Susan R. Matthews,
An Exchange of Hostages
(Avon, 1997)

When we meet Andrej Koscuisko, the main protagonist of Susan R. Matthews' An Exchange of Hostages, he has just arrived at Fleet Orientation Station Medical to begin training as a torturer (or Inquisitor). The "medical" in the title is not a cynical euphemism; nearly all Inquisitors are drawn from that profession. This paradox is the first of many which suffuse this novel as it charts Student Koscuisko's training. And let's be clear, we follow this man as he attempts to perfect his ability to physically torture people, sometimes to death. Obviously, the world inhabited by Koscuisko is a long way from our own; nevertheless, a sense of its governing parameters is ably transmitted through an assured, if at times somewhat dense, prose style.

It is a time when humanity is dispersed throughout vast regions of space, and has been thus scattered long enough for planet-specific physiological attributes to have evolved from human stock. The leader of the dominant power is the Autocrat, in one of whose military arms, the Fleet, Andrej now serves. We learn about unrest in this empire only through confessions of various prisoners. In the course of allowing us listen to these confessions, the author depicts episodes of pain being willfully and expertly inflicted on bound, helpless people, so much so in fact that the book must in my view be judged a success or failure on the grounds of whether or not we feel at the end of it that the author's end was achieved and that the use of such descriptions was necessary and justified. This book can't have been written simply to entertain.

The main focus is on Andrej and his changing psychological state as he, like us, is gradually eased into the barbarities of Inquiry; I say "eased in" because in this etiquette and protocol-laden world, there are strictly prescribed levels of torture beyond which an Inquisitor may not go without authorization. Hence the need for training. All very civilized. As these levels are ascended the toll taken on Andrej's mental state increases in equal proportion to that taken on the physical well being of a succession of prisoners. The mental strain derives from the fact that, despite the great passage of time from the present, it appears that some of what we might term "humanity" remains unalloyed in people's hearts. The social/political system places enormous strain on this faculty, most particularly in the case of its Inquisitors. And they, to ensure their sanity, must suffocate their humanity (substance abuse is allowed), and their Tutors must do likewise in order to assist their students along the way. Consequently, the system of student support is a grossly inhumane one, relying as it does on a group of people termed "bond-involuntaries" -- those enslaved by means of a cruel, subtle mechanism as punishment for their crimes.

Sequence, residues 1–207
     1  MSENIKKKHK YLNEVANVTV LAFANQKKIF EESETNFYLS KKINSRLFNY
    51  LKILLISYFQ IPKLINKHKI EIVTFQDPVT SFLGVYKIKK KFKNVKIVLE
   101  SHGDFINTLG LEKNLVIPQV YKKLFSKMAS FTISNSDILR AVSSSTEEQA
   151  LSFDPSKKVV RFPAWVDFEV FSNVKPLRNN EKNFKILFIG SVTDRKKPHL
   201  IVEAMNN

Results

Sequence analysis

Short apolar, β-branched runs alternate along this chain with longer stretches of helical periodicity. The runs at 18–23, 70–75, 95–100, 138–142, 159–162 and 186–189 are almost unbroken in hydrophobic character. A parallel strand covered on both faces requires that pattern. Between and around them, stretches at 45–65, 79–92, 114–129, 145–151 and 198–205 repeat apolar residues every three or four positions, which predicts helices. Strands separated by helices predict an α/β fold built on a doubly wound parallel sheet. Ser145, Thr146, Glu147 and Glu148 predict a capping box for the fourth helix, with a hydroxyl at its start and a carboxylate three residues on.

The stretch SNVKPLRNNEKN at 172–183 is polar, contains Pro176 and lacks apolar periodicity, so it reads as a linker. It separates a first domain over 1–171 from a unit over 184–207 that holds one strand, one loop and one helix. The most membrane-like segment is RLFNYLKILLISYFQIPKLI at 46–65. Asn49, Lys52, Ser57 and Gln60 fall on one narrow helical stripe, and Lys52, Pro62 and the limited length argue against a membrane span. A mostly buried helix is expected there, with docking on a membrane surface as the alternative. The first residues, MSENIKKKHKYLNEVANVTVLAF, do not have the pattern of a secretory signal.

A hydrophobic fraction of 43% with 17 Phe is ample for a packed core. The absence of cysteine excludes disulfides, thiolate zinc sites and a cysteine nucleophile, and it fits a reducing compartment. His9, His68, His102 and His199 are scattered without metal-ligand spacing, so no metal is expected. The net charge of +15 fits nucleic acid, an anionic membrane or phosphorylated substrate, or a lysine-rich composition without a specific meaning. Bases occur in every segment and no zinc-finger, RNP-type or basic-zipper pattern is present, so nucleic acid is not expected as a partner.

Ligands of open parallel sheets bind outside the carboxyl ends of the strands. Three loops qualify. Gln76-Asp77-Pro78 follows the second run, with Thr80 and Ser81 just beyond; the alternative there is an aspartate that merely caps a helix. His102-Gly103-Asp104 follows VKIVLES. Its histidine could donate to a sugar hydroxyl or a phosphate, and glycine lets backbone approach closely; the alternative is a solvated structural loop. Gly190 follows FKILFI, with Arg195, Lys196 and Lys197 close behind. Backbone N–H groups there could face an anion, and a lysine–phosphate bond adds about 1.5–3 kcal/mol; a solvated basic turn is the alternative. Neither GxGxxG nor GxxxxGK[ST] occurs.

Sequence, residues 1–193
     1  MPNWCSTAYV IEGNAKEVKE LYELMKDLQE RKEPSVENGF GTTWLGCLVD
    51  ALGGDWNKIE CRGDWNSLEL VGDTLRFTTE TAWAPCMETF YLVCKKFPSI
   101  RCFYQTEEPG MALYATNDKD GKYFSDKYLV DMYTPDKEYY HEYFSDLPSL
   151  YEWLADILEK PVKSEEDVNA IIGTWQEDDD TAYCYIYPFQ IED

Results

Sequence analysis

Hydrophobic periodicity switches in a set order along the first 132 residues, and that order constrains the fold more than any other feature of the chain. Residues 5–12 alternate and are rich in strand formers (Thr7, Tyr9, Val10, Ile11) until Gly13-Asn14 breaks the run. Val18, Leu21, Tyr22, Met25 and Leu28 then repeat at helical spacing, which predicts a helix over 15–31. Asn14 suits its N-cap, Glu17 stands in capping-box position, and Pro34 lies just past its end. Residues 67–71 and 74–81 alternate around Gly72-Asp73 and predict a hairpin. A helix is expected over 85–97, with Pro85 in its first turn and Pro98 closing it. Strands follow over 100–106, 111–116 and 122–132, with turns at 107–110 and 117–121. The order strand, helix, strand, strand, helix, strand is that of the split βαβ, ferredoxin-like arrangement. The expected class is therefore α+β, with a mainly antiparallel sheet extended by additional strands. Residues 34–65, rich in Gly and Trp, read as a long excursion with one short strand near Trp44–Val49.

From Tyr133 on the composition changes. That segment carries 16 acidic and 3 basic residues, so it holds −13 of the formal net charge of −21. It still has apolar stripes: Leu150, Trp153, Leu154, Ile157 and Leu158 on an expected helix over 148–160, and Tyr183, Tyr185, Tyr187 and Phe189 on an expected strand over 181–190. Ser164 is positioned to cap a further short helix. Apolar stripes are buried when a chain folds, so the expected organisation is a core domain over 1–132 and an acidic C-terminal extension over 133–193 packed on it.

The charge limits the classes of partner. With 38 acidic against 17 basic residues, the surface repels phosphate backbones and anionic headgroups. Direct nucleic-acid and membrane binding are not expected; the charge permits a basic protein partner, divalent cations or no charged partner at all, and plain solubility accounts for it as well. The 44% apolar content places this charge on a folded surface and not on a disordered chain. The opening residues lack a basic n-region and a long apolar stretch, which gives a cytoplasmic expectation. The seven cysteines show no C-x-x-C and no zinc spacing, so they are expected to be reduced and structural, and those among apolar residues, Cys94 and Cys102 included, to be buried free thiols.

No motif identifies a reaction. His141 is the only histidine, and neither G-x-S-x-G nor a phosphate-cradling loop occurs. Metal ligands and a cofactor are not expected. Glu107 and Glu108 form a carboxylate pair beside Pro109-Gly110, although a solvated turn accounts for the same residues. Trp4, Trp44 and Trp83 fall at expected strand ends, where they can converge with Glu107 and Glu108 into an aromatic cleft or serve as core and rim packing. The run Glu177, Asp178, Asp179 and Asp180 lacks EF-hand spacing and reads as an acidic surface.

The character of Andrej Koscuisko is well drawn, particularly with regard to his inherent contradictions -- he is a gifted surgeon and yet mutilates people; he cannot suppress his humanity as others like him do, this retention of empathy with his prisoners making him, paradoxically, an extremely accomplished Inquisitor. All this, along with descriptions of his over-burdened psyche, is bound to start a debate in the mind of the attentive reader, rather as those experiments by a group of psychologists at Yale University did when, in the early '60s, they persuaded, by means of plausible explanation, ordinary citizens to incrementally torture a man strapped to what they were let believe was an electrified chair (the man in reality was a good actor, there were no shocks). However, the queasy, graphic descriptive passages in this book adds a strongly visceral, emotive element to any such debate, ensuring that in the mind of the reader it can never be a wholly cerebral one.

On balance I think An Exchange of Hostages succeeds as a work of science fiction, but to my mind it's a close thing. With this book every reader is left with a job to make up their own mind and decide which side of the complex argument they favour.

[ by Conor O'Connor ]



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